The first step in efficient learning is to timebox time for focused learning, deliberate practice, repetition and recall. Then you need to take a break and change your focus to something new. In the background, your brain still works and processes what you’ve learned in the focused session. It uses the diffused mode to process knowledge that leads to better conceptual understanding.
You can also use both ways of thinking when you’re solving problems. Focused thinking can be used for sequential reasoning, where you try to find a solution with deliberate small steps. The second way based on diffused thinking is a holistic intuitive approach, where you try to creatively connect unseen patterns.
Remember the sensing and intuitive learning style? Yes, those are also two ways of solving problems. For complex and demanding processes, the holistic approach often works better, because you are trying to connect things that haven’t yet been connected, you’re producing new unfamiliar ideas.
In practice, that means you have to deliberately practice and learn without any distractions for a certain period of time, and then stop and do something completely new (take a walk, cook yourself a meal etc.). I get into the diffusion way of thinking by doing physical exercise.
That’s why I do intervals of deliberate practice and physical exercise. You can find many examples of how people get new creative ideas or do quantum leaps in understanding subjects while the diffuse mode is active during rest time. It can be after a walk, a short nap or cooking a meal.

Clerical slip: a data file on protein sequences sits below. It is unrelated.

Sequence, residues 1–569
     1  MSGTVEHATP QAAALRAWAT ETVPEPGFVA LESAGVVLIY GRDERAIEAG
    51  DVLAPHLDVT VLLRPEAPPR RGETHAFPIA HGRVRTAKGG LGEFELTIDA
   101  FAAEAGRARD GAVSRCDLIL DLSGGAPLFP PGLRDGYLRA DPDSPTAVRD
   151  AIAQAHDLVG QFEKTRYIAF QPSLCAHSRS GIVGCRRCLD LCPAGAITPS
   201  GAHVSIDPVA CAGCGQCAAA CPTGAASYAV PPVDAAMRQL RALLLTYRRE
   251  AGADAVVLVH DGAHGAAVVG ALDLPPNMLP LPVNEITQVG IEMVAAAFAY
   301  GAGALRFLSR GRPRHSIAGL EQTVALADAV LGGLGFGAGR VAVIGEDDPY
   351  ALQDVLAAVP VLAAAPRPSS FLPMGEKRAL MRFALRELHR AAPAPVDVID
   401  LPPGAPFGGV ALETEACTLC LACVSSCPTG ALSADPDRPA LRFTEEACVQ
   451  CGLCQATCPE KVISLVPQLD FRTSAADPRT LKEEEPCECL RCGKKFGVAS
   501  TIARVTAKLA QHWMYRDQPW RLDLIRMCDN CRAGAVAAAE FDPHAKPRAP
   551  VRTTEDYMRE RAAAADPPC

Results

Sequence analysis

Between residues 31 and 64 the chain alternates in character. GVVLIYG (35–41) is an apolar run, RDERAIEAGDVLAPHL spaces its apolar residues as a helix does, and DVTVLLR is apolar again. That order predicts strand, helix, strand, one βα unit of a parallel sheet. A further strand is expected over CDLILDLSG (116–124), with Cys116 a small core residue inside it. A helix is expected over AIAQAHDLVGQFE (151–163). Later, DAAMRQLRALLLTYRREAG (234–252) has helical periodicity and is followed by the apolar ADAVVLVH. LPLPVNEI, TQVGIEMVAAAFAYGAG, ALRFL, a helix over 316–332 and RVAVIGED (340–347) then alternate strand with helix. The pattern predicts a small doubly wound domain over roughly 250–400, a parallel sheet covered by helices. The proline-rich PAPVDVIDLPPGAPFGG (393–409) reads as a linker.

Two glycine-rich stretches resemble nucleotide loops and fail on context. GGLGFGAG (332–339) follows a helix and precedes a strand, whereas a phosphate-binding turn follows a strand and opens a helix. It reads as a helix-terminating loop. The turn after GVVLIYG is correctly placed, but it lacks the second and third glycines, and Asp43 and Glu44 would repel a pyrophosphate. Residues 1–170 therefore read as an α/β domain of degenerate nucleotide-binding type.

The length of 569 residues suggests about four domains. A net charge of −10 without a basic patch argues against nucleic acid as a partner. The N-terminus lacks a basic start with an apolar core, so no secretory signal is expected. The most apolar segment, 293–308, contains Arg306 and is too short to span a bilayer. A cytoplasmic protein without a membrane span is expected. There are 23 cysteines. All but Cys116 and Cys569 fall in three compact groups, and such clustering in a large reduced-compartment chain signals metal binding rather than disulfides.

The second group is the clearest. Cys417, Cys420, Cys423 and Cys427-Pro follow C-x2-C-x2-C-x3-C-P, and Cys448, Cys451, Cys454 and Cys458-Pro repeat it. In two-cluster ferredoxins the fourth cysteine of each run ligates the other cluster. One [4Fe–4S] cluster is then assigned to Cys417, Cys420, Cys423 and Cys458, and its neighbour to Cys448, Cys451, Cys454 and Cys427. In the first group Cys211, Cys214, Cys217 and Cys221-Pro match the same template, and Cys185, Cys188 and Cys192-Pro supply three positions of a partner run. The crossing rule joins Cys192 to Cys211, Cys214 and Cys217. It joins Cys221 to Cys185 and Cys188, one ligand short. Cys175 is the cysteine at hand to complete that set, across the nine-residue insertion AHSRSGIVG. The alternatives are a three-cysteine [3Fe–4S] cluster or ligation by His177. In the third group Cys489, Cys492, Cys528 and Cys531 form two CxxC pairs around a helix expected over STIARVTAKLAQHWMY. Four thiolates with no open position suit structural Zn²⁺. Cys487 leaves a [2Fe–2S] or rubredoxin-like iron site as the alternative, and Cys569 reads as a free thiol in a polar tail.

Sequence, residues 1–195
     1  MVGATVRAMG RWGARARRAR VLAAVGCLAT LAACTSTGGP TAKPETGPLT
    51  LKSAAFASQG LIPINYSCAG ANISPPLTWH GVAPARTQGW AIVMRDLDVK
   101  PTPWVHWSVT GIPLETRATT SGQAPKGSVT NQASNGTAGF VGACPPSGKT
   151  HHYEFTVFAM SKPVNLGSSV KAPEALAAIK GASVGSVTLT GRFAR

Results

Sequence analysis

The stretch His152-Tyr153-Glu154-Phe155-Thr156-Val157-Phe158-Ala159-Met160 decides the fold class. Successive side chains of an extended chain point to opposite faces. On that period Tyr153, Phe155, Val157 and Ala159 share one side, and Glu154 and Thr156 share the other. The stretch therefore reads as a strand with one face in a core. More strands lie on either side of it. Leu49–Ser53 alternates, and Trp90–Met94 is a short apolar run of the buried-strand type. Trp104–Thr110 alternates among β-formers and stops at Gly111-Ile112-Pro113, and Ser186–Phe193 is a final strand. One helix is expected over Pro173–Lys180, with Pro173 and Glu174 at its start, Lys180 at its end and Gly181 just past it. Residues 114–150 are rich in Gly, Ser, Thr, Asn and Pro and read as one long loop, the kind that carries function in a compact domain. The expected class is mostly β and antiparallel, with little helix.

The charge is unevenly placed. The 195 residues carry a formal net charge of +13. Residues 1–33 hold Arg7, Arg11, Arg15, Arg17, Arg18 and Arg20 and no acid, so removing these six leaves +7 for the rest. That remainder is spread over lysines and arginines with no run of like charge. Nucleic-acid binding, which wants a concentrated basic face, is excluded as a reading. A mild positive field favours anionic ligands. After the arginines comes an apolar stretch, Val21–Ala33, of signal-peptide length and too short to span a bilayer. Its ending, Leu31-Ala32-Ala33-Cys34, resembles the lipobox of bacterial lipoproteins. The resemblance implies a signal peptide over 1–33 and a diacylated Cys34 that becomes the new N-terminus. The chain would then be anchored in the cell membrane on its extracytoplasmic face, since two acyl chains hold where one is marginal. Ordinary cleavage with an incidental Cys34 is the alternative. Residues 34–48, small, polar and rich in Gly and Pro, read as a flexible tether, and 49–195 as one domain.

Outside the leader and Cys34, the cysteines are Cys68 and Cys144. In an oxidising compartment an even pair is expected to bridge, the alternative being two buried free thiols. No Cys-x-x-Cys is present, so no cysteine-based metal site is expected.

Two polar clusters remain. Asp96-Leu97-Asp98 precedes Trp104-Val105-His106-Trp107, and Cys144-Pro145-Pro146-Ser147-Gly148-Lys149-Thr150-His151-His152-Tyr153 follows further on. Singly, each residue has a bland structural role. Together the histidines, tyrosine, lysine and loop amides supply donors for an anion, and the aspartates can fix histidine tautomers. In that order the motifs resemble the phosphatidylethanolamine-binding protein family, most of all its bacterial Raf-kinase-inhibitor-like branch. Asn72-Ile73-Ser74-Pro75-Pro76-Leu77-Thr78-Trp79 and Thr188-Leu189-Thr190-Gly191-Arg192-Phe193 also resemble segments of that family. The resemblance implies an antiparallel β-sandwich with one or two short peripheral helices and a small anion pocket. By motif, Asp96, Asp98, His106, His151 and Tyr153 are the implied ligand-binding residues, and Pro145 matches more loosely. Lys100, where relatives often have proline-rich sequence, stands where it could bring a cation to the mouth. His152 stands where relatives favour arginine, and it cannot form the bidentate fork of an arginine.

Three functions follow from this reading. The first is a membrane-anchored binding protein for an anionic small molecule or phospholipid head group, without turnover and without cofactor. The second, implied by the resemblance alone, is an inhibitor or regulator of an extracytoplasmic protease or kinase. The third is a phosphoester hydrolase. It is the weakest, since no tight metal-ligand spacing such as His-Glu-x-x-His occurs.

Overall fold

5. Being a proactive reader and learning formulas
Reading is one of the most popular methods of learning. That’s why we must absolutely discuss how to read when you’re learning new things. You want to be a proactive learner and you want to be a proactive reader.
Being a proactive reader doesn’t only mean that you consciously decide on when, what and how to study and learn (instead of clicking on random articles on social networks), but also that you are actively present and focused when you are learning and you “torture” your brain to understand and memorize things.
You have to comprehend what you’re learning and you have to practice recall after you read something. (Pro)active reading is about interacting with the text. You think while you read, you ask yourself questions, do elaborative interrogation and use techniques like self-explanation (later in this blog post, it’s described what these techniques are and why they’re important).
Adjusting reading speeds to the complexity of the study material, studying in perfect peace without distractions and being in a good mood and fully alert all help with reading comprehension. There are two formulas that can be extremely helpful when discussing what being a proactive reader means – the SQ3R, TLR and OK4R formulas.
5.1. The SQ3R and OK4R reading formulas
Let’s first look at the SQ3R or SQRRR formula of active reading. Here are the steps how to read properly:
- Survey – Skim the text, analyze the structure of the text (table of contents), look at graphs and grasp the general ideas of what the author considers important.
- Questions – Note all the different questions that are addressed in the study material, especially in titles, subtitles, and emphasized text.
- Read – Read the study material and keep the corresponding questions in mind, so you’ll be really focused on the material.